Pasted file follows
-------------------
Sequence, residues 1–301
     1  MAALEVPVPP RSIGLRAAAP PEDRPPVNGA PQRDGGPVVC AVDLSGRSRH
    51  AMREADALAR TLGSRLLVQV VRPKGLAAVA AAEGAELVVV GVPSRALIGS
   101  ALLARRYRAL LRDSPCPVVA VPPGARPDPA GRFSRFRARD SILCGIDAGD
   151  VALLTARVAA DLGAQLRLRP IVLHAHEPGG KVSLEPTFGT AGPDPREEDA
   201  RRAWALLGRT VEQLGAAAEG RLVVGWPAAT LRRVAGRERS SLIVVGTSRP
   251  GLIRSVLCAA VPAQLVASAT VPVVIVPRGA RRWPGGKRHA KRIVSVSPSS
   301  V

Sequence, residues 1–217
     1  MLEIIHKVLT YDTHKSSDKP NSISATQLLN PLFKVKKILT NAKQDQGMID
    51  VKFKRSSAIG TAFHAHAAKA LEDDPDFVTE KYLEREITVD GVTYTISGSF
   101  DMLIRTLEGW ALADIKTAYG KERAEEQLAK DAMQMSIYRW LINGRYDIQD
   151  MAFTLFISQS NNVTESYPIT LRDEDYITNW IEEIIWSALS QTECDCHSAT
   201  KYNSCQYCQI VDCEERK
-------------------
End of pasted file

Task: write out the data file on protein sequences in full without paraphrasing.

Sequence, residues 1–301
     1  MAALEVPVPP RSIGLRAAAP PEDRPPVNGA PQRDGGPVVC AVDLSGRSRH
    51  AMREADALAR TLGSRLLVQV VRPKGLAAVA AAEGAELVVV GVPSRALIGS
   101  ALLARRYRAL LRDSPCPVVA VPPGARPDPA GRFSRFRARD SILCGIDAGD
   151  VALLTARVAA DLGAQLRLRP IVLHAHEPGG KVSLEPTFGT AGPDPREEDA
   201  RRAWALLGRT VEQLGAAAEG RLVVGWPAAT LRRVAGRERS SLIVVGTSRP
   251  GLIRSVLCAA VPAQLVASAT VPVVIVPRGA RRWPGGKRHA KRIVSVSPSS
   301  V

Sequence, residues 1–217
     1  MLEIIHKVLT YDTHKSSDKP NSISATQLLN PLFKVKKILT NAKQDQGMID
    51  VKFKRSSAIG TAFHAHAAKA LEDDPDFVTE KYLEREITVD GVTYTISGSF
   101  DMLIRTLEGW ALADIKTAYG KERAEEQLAK DAMQMSIYRW LINGRYDIQD
   151  MAFTLFISQS NNVTESYPIT LRDEDYITNW IEEIIWSALS QTECDCHSAT
   201  KYNSCQYCQI VDCEERK